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Swanson: Diversity Is More Than Identity


“Diversity is the human experience.” These were the words said at the One Young World Summit in Bogota, Columbia by Apple’s Denise Young Smith. If it were just this that was said, the controversy that we are about to discuss may have never happened, but Smith continues to elaborate, “I get a little bit frustrated when diversity or the term diversity is tagged to the people of color, or the women, or the LGBT.” To many, these groups are the foundation of diversity. The issue of diversity has been a fairly prominent one in today’s world, primarily in the worlds of entertainment and in STEM. So, coming from the black female vice president of diversity and inclusion at Apple, this statement and the one following came as a shock to the worlds of technology and social justice.

“There can be 12 white blue-eyed blonde men in a room and they are going to be diverse too because they’re going to bring a different life experience and life perspective to the conversation,” said Smith. This rubbed many the wrong way. Despite the overwhelming lack of people of color, women and members of the LGBT community in the industry, to have the VP of Diversity in one of the biggest tech giants in the world say that she doesn’t plan on focusing on them came to disturb many.

Her comments received such backlash that shortly after she retracted them and made a public apology, “I regret the choice of words I used to make this point. I understand why some people took offense. My comments were not representative of how I think about diversity or how Apple sees it.She went on to address the criticisms of her statements and ensure that Apple is dedicated to the classic definition of diversity, “Understanding that diversity includes women, people of color, LGBTQ people, and all underrepresented minorities is at the heart of our work to create an environment that is inclusive of everyone.” Even though I do not disagree with the latter comments in her apology and I do feel that it is important for minorities to be represented in the STEM fields, I find it unfortunate that Smith backtracked on her original stance.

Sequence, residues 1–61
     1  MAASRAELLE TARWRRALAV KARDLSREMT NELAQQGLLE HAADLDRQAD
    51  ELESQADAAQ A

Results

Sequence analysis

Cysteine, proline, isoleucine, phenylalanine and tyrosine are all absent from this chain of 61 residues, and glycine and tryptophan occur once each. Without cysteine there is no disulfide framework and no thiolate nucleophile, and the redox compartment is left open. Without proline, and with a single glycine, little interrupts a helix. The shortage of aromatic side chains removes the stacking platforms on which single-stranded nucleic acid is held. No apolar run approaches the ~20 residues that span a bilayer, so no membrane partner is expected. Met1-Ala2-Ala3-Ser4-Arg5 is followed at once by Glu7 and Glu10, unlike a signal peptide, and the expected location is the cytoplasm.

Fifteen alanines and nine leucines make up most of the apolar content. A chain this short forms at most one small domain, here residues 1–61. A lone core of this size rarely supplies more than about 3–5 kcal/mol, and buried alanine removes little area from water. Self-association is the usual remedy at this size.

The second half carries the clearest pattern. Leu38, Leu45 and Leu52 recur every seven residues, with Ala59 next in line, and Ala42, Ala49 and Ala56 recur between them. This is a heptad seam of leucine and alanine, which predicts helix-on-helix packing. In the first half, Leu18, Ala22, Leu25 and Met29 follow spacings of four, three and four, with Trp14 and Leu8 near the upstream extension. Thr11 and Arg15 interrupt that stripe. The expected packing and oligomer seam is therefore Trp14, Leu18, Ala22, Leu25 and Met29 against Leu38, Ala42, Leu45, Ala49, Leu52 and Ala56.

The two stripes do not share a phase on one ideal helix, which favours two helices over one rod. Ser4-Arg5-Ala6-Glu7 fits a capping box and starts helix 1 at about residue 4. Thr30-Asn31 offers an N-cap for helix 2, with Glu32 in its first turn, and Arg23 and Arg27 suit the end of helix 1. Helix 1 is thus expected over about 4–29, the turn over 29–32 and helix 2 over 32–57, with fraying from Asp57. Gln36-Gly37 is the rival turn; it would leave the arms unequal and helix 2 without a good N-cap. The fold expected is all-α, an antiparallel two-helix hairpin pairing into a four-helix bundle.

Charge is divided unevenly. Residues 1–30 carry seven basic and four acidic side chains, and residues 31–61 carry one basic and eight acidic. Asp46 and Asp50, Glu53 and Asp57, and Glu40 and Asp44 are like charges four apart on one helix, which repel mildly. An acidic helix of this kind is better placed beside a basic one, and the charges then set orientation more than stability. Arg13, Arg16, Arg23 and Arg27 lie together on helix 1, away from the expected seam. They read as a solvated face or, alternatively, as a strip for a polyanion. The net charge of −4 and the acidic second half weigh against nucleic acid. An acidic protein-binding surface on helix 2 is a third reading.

I do believe that minorities are disadvantaged in terms of opportunity in entering STEM fields, and as a result more should be done to bridge the gap so that everyone can have the chance to be considered. However, I do think Smith’s definition is much more inclusive and helps us work more towards what the end goal of diversity should be. In entertainment, we should strive to achieve diversity so that the narratives we develop and consume are varied and enlightening. This could be the tales of the plights of women, LGBTQ and colored people; or the plight of the poor, mentally ill and persecuted.

The same principle applies to STEM. Having designers of different backgrounds means having designers with different perspectives and different solutions to the same problems. The diversity in engineering and technology is therefore much more advantageous when the designer has a more varied background. That background can be achieved through a designer’s experience with their race, their gender or their sexual orientation. However the experiences of others should not be counted out simply because they aren’t specific types of experiences. What one may have learned through his battle with mental illness is often different than what one may have learned from their experience with persecution due to their sexual orientation. That doesn’t make any one of these experiences more worthy than the other, but that they can lead to engineers who perceive alternatives that others may have never considered. This is the advantage that Smith’s definition of diversity should have honed in on.

Smith’s comments should not be seen as an exclusion of the traditionally diverse and excluded, but as an inclusion of others whose experiences may help lead to the innovations that define the future. When we think of diversity, we shouldn’t look at the surface but dig deeper. A person’s experience are what defines that person and is what truly makes them diverse and different from their peers. Those experiences could be influenced by their identity, and they should be considered as much as any other. In the end, if we want competent, innovative and diverse entertainers, scientists, engineers and designers — it’s time that we look further and examine our human experience.

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About the Contributor
Gavin Swanson, Opinion Writer
Gavin Swanson is an opinion writer.

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